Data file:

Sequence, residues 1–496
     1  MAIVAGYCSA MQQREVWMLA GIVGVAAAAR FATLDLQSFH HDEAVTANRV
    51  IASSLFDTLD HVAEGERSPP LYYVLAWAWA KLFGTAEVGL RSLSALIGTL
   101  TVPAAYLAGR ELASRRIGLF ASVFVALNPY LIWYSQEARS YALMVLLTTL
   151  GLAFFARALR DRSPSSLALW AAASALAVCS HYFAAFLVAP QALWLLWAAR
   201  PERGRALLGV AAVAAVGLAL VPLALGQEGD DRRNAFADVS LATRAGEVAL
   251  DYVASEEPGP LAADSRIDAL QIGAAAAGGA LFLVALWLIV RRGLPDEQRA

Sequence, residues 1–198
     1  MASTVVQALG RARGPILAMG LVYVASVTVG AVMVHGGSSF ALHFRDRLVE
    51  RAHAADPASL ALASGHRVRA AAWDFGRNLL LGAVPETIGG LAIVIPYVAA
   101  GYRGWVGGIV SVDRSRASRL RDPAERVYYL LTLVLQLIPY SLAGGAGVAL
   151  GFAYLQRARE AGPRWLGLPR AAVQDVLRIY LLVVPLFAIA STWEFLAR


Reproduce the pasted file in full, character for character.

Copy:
Sequence, residues 1–496
     1  MAIVAGYCSA MQQREVWMLA GIVGVAAAAR FATLDLQSFH HDEAVTANRV
    51  IASSLFDTLD HVAEGERSPP LYYVLAWAWA KLFGTAEVGL RSLSALIGTL
   101  TVPAAYLAGR ELASRRIGLF ASVFVALNPY LIWYSQEARS YALMVLLTTL
   151  GLAFFARALR DRSPSSLALW AAASALAVCS HYFAAFLVAP QALWLLWAAR
   201  PERGRALLGV AAVAAVGLAL VPLALGQEGD DRRNAFADVS LATRAGEVAL
   251  DYVASEEPGP LAADSRIDAL QIGAAAAGGA LFLVALWLIV RRGLPDEQRA

Sequence, residues 1–198
     1  MASTVVQALG RARGPILAMG LVYVASVTVG AVMVHGGSSF ALHFRDRLVE
    51  RAHAADPASL ALASGHRVRA AAWDFGRNLL LGAVPETIGG LAIVIPYVAA
   101  GYRGWVGGIV SVDRSRASRL RDPAERVYYL LTLVLQLIPY SLAGGAGVAL
   151  GFAYLQRARE AGPRWLGLPR AAVQDVLRIY LLVVPLFAIA STWEFLAR